3 Ways to Think About the Relationship Between Higher Education Courses and the Academic Programs to Which They Belong

 

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As an instructional designer developing higher education courses, we need to look at the big picture. How do the courses in higher education build a pathway for students and how will students proceed through the requirements of their academic program? How do you build objectives for a course to ensure they meet the objectives of the overall program? Is every course within an academic program going to be taken? If not, how do we ensure students are gaining enough knowledge from the program to be successful in the workforce?

 

Three Tiers of Courses

 

There are typically three tiers of courses required for an academic program.

 

  • The first tier of the academic program will contain many introductory courses. These are the general courses required by many different programs, such as college english or mathematics. These introductory courses help develop students into well-rounded scholars.
  • The second tier in an academic program are intermediate courses that are typically more aligned with the program. They are the foundations or building blocks needed to be successful with the more advanced courses in the program. Examples of intermediate courses for an economics program might include macroeconomics or basic statistics.
  • The third tier are the advanced courses. Typically the most rigorous in the program, these courses require the most dedication to the field and usually provide the student with practical applications that will be used on the job. These courses may have many labs, hands-on applications, and/or co-op opportunities students need to be successful in the desired career.

 

Broad vs. Specific Objectives

 

Each academic program has objectives that students should be able to meet by the end of the program. The courses in the program also have objectives that students should be able to meet by the end of the course. The specific objectives for each course help students meet the overall objectives for the program.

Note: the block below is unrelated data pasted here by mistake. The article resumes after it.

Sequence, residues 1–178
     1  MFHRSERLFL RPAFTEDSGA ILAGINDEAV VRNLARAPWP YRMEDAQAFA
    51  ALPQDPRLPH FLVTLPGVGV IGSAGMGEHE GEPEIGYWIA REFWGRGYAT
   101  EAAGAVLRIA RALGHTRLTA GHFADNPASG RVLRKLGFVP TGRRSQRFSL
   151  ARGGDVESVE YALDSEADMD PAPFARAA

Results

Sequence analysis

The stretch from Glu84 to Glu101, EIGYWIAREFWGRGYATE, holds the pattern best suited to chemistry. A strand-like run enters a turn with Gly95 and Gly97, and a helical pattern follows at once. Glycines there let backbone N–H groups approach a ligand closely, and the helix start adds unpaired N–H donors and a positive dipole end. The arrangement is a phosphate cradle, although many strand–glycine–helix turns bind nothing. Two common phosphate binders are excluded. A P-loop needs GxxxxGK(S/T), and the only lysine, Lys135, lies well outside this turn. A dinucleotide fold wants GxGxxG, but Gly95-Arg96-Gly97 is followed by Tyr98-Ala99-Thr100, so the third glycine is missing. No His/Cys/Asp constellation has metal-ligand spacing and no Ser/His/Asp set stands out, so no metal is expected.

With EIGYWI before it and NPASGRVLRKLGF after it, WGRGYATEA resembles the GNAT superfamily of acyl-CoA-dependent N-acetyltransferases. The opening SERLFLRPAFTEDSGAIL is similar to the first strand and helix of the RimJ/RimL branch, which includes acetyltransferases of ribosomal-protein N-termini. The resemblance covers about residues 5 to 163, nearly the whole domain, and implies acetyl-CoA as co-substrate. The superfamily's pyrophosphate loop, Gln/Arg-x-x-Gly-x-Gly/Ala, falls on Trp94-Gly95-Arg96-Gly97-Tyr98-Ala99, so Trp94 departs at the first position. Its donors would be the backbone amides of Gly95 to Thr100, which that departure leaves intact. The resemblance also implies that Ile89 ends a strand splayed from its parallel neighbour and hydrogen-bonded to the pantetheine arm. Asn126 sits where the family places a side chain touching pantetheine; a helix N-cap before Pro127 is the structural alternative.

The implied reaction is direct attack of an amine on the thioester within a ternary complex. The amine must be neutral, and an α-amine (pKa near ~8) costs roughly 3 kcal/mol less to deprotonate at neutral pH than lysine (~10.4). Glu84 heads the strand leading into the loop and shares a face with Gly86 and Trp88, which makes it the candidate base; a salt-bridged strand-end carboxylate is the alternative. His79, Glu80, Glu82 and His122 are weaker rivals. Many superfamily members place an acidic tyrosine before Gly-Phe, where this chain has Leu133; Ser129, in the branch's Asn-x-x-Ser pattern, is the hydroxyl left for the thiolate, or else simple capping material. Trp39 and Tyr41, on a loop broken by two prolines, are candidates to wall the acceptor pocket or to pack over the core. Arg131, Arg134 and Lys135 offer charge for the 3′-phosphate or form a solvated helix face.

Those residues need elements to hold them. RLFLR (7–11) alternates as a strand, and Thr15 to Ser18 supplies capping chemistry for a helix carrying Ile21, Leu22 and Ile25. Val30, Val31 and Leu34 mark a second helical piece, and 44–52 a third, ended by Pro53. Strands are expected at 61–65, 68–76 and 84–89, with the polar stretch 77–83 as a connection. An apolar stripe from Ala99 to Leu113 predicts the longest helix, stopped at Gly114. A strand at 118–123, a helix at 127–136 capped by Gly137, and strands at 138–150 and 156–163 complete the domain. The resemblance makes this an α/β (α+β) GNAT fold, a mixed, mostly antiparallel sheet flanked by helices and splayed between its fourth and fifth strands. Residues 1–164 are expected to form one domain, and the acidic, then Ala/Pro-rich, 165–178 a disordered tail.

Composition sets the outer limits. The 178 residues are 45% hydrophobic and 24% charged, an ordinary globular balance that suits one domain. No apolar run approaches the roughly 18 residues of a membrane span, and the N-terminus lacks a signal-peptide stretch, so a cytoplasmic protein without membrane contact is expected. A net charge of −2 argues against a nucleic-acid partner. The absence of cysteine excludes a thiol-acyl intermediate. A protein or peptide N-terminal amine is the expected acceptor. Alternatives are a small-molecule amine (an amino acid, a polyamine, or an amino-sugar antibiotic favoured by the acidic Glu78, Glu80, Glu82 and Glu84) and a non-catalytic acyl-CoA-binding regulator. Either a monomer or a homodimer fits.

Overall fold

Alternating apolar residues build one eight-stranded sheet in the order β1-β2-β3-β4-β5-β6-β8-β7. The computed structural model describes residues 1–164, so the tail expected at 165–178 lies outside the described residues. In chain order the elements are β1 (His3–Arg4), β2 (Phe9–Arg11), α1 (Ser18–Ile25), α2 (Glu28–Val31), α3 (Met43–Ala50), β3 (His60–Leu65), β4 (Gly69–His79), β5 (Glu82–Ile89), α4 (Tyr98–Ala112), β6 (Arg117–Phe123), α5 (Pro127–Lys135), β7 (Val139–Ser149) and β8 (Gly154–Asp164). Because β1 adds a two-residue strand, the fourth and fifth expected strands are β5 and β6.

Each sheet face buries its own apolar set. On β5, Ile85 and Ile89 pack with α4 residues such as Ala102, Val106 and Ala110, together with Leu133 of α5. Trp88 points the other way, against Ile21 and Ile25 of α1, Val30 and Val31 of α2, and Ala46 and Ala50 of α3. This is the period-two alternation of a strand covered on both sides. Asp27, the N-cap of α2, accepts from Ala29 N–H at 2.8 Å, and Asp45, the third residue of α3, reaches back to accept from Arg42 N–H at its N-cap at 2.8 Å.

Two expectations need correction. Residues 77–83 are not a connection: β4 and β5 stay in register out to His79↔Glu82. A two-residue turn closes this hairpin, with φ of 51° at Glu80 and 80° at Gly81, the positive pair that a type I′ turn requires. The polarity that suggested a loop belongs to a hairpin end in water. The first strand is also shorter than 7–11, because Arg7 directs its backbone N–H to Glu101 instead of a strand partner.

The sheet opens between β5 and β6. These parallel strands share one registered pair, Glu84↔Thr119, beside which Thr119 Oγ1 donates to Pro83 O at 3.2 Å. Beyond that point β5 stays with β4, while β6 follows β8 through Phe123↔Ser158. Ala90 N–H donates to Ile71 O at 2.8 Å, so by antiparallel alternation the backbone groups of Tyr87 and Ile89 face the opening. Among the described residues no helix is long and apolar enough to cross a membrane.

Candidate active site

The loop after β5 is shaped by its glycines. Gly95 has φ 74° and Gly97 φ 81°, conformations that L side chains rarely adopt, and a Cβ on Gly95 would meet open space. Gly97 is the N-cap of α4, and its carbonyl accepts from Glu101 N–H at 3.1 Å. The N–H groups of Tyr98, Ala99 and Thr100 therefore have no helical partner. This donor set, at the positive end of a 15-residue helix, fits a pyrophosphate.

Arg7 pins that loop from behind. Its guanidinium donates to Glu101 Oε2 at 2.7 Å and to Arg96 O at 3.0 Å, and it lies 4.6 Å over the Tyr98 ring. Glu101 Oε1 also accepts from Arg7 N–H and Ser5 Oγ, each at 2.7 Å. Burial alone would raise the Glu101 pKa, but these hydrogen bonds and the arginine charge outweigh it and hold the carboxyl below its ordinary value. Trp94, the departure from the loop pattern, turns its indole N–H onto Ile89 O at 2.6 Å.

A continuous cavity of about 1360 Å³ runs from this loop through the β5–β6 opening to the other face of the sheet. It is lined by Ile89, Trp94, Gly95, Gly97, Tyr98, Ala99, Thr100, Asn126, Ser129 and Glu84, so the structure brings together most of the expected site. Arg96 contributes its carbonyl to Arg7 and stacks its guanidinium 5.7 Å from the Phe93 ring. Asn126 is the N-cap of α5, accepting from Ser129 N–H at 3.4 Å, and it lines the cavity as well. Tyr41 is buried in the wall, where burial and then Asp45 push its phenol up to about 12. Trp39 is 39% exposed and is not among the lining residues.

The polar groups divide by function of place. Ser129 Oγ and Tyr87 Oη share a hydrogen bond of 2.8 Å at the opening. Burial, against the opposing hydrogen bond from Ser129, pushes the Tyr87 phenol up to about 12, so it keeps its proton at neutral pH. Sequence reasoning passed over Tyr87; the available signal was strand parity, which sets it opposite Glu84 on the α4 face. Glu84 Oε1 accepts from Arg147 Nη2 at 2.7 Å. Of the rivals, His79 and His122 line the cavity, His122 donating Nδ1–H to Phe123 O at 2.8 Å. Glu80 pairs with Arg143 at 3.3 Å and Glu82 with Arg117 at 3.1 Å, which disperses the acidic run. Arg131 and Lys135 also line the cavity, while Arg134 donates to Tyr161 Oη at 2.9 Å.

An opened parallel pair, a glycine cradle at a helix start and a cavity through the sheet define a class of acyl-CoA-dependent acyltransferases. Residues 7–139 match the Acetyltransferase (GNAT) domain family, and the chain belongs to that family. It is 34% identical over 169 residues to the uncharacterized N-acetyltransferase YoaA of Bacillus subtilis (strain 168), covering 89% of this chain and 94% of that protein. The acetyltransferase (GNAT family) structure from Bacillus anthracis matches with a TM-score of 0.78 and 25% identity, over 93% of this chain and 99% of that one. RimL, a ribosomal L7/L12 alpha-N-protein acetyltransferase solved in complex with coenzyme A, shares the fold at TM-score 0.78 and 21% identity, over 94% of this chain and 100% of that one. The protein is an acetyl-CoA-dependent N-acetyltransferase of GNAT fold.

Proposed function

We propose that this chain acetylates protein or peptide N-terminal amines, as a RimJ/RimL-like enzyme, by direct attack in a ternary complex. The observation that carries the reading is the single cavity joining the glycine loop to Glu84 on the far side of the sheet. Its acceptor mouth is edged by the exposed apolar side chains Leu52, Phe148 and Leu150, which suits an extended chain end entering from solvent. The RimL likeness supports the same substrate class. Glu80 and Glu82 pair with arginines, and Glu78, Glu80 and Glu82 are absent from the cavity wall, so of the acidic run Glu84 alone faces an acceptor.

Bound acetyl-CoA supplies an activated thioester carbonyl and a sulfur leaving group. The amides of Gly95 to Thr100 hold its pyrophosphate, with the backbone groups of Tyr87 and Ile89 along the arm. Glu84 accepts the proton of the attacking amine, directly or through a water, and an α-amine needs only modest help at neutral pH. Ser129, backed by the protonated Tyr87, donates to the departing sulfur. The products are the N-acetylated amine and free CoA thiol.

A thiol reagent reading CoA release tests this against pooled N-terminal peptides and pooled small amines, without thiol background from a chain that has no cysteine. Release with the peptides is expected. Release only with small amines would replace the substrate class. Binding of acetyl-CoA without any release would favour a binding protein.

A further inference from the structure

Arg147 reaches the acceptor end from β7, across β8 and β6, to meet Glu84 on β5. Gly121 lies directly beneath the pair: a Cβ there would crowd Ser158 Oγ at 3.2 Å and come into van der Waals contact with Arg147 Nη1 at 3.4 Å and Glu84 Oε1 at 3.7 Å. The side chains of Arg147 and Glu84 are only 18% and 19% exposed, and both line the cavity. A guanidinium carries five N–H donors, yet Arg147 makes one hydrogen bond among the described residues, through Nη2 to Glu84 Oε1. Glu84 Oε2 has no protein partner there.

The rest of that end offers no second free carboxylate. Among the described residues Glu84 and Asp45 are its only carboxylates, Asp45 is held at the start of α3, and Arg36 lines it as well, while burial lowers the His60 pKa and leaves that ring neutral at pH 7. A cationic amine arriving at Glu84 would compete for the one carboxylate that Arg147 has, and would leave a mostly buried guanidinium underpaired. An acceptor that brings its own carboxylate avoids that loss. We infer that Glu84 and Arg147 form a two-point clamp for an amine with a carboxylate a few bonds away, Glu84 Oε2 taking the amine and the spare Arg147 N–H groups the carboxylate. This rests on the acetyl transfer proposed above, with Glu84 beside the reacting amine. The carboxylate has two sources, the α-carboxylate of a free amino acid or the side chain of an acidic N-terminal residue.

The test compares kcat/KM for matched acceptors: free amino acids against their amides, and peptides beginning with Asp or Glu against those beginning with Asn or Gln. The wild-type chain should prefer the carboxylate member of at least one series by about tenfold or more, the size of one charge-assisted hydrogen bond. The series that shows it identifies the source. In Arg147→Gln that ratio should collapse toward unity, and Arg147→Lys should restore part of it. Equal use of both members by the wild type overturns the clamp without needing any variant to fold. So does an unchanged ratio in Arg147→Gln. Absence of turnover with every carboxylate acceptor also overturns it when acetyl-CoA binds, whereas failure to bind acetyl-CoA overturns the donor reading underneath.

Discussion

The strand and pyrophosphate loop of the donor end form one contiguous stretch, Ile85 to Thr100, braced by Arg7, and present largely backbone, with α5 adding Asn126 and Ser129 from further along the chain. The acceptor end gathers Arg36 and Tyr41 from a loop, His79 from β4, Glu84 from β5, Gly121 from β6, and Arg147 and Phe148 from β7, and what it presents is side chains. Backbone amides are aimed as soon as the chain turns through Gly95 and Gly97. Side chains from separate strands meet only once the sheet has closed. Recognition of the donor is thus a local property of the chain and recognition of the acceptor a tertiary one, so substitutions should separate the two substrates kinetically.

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Here is an example:

 

Broad Marketing Program Objective:

Students will be able to understand the contributions of marketing to a business enterprise.

 

Specific Marketing Course Objectives:

By the end of this course students should be able to:

  • Identify the role of marketing within a firm’s decision-making process
  • Provide a process for analyzing, segmenting, and targeting customers in a consumer and business market
  • Describe the process of product development and brand positioning
  • List and describe the common models of distribution and retailing
  • Develop various promotional tactics such as advertising, public relations, direct marketing, sales promotions, and personal selling

 

Notice that the program objective is very broad and will take a great deal of understanding to accomplish. The course objectives are very specific, demanding that students show a specific skill to meet the program’s overall goal. By the end of the marketing program, students should be able to use the knowledge learned in the various courses to achieve the broad objective.

 

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There are ALWAYS Choices

Not all courses offered in an academic program are required courses. Most academic programs allow students to have options as to which concentration within a field they would like to pursue. A biology student may wish to take a course on animal behavior rather than a course on plants and people. Giving students options in the advanced courses allows each student to build an academic program better tailored to their future career and interests.

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